17. Beautiful Bloom Day post.

    Re: the daylilies: Names, I need names!

  18. Darla,
    Thanks for stopping by. I hope your neighbor troubles have cleared up.

    I wish I could write a haiku as well, maybe after a cocktail.

    Garden Joy,
    I like the dark murky ones best.

    The spider is in my son's part of the garden. He likes them better than the regulars.

    I am looking forward to showing you my tiny patch of soil.

    I wish I could tell you the name of the daylily, but I only know a few.

    I wish more of my flowers were accidents. It seems like the more I want something and the more I baby it, the more likely it is to die.

    Chris and Jon,
    Thanks for stopping by, you are welcome to return anytime.

    Thanks for the compliment. I will try not to get a swollen head.

    I kept thinking of Sesame Street as I was writing it. I just didn't have a number for a sponsor to go with the "H".

    It surprises me that my B&B is so far ahead of yours. I know there is a slight difference in where you live, but really it is not that far away.

    Thanks for crossing the pond to visit. I have tried several of the new Echinaceas and coddled them. None of which are with me today. The species does best for me and seeds itself marvelously.

    That daylily is one of the few I know the name of. It is 'Web of Intrigue'. It is a very vigorous one that increases rapidly.

    I did not know about the word until I was doing some research for the post, it stopped me in my tracks. Apparently it is the equivilent of the "N" word in S. Africa. In their defense, the Europeans began using the word in a more innocent manner, but that is not how it was taken by the people it referred to.

    If that is your real name it is lovely. I really like hydrangeas and could not imagine gardening without them.

    Thanks for stopping by and the happiest of bloom days to you as well.

    Sweet Bay,
    I am sorry for the lack of names, but I will tell you what I know. #4 is 'House of Orange', #7 is 'Milk Chocolate' and #8 and #9 are 'Web of Intrigue'.


  19. Lovely pics, all, but I really love your lilies and that black and blue salvia.

  20. You ever find yourself throwing chunks of those daylilies on the compost pile, toss 'em in a box and send them my way. Honestly, they're not my favorite plants. Until the start flowering. (They're rampant along the roadsides here.) And when they do, I ask myself, 'Why do I only have half a dozen varieties?'

  21. I thoroughly enjoyed this post. All your H's are very grand and unusual. You are too clever.

    I sent you an email request about the Lo and Behold. I need two.

  22. Les, thanks for those names. I know how it goes with name tags. :)

    My Commuter Daylily is H. citrina.

  23. Great plants and photos, as always, Les. I've been enjoying all of these "H's" lately as well, in my garden and in those of others. My happiest hour this week was spent wandering with Pam Harper among her magnificent collection of Hydrangeas until it was too dark to see anything except H. quercifolia 'Snowflake'. And I have an enormous orange clivia purchased for me as a birthday present from your nursery 35 years ago; it blooms faithfully every year, but is now the very devil to move in and out of the garage every year. Waiting for the seedlings to bloom (I've grown lots, including yellows and latifolia types this way) is tedious, but worth it!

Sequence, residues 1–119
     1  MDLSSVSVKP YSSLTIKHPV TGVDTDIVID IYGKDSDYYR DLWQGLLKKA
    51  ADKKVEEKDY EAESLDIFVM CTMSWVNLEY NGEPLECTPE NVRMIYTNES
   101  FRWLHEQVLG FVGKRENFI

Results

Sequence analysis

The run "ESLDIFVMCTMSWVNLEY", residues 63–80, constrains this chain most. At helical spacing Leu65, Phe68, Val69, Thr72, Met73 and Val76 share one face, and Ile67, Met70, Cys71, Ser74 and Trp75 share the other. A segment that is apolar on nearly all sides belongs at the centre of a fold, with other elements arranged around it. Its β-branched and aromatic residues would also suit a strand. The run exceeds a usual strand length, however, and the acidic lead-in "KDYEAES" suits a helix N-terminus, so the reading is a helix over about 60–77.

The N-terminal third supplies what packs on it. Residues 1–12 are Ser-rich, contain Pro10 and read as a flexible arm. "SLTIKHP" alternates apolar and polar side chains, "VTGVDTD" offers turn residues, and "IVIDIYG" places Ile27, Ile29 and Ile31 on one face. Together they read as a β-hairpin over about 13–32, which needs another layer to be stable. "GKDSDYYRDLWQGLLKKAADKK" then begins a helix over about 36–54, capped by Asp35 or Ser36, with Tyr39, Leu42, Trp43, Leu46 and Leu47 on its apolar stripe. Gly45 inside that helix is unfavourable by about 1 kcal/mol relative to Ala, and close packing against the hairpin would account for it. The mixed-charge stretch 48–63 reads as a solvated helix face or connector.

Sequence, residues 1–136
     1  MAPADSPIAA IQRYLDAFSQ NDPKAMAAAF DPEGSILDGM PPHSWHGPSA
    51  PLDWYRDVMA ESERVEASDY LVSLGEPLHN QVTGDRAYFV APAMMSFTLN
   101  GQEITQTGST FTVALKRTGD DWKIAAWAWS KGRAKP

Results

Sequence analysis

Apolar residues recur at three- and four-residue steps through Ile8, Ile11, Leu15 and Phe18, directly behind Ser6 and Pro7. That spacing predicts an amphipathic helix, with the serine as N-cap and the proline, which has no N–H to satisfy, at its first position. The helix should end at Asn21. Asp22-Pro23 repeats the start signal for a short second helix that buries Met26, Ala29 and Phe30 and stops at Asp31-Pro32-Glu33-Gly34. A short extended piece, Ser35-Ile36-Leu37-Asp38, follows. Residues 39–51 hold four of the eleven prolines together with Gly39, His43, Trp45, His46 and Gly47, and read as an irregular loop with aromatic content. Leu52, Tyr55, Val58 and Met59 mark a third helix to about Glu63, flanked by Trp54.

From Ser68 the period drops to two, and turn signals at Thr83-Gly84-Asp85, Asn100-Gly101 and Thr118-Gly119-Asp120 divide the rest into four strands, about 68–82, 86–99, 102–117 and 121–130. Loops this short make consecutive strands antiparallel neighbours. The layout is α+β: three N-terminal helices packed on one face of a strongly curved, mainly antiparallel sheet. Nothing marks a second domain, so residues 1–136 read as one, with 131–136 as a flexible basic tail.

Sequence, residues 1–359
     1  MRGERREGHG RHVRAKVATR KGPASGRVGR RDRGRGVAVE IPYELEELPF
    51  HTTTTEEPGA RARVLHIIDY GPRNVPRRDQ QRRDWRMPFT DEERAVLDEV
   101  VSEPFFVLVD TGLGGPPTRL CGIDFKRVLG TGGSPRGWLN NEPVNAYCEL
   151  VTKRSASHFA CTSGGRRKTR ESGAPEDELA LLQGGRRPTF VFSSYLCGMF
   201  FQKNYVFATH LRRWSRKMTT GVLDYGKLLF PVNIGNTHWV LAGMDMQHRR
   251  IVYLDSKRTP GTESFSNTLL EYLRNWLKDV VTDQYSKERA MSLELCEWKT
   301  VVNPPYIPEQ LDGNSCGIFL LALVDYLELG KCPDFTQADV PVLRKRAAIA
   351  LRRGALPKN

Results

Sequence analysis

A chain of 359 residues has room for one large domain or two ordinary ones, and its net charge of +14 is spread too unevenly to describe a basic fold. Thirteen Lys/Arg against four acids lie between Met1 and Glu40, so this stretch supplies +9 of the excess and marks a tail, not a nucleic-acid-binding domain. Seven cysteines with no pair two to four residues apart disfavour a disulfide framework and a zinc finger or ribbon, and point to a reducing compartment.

24. Dreamybee,
    Thanks for stopping by. Those two are some of my favorites as well.

    I will be sure to let you know if I am giving any away. They are roadside weeds here as well, but only the orange ones. Not only are they referred to as ditch lilies, but also as outhouse lilies.

    Thanks for stopping by. I wish I could help you with the Lo and Behold.

    Sweet Bay,
    You are welcome. Each year I tell myself I will take them to work and have some of the ladies I work with who are in the Daylily Societ I.D. them. But I never do.

    Pam Harper was in the store several weeks ago and we had a nice conversation about the Ophiopogon that was named for her. Although, she said it already had a perfectly acceptable name. I did not have the nerve to invite myself over for a visit. I have never been and would relish it. My Clivia came from one Linda Pinkham was growing. I was over their house about 10 years ago to help move some furniture and she gave me a small piece, and the young man who helped me got a huge piece. At the time I said to myself "he's going just let that Clivia die". I hope I was wrong.

  25. Les, your garden must be a car stopper in your neighborhod right now.

    Everyone up here tries to grow the Hydrangea macrophylla, but they get froze to the ground in the winter and rarely bloom without the old wood they need.

  26. Love the daylilies. So beautiful. Our favorites in the garden right now. :) Thanks for sharing your garden pics. I enjoyed the tour! ~~Rhonda

  27. What an education about H today! Wonderful displays. I am so partial to the orange daylilies. Looking wonderful at your place.

  28. I love the Rudbeckia maxima - it gets so tall and bright. Mine has had good years and bad years and I've haven't a clue why (actually, this year we've gotten good rain and it didn't bloom - the foliage looks great though). Any ideas?

    Your hydangeas are gorgeous - I haven't tried any of the Halo Series - yours look tempting! My lacecaps and Ayesha have been a bit strange this year - I think a late freeze might have nipped some of the flowers - some of them are only blooming on the bottom branches (which were probably protected somewhat). I haven't had this happen before.

    I'm with you on the daylily - I think it's most appropriate to make up your name for them, or simply call them 'that yellow one with a deep maroon inside' - that's the best name don't you think?


  29. oh my, oh my, oh my--such gorgeous blooms! Those daylilies are to die for. Gotta love unkillable plants that are also so generous with blossoms. A wonderful, clever post--I loved it!!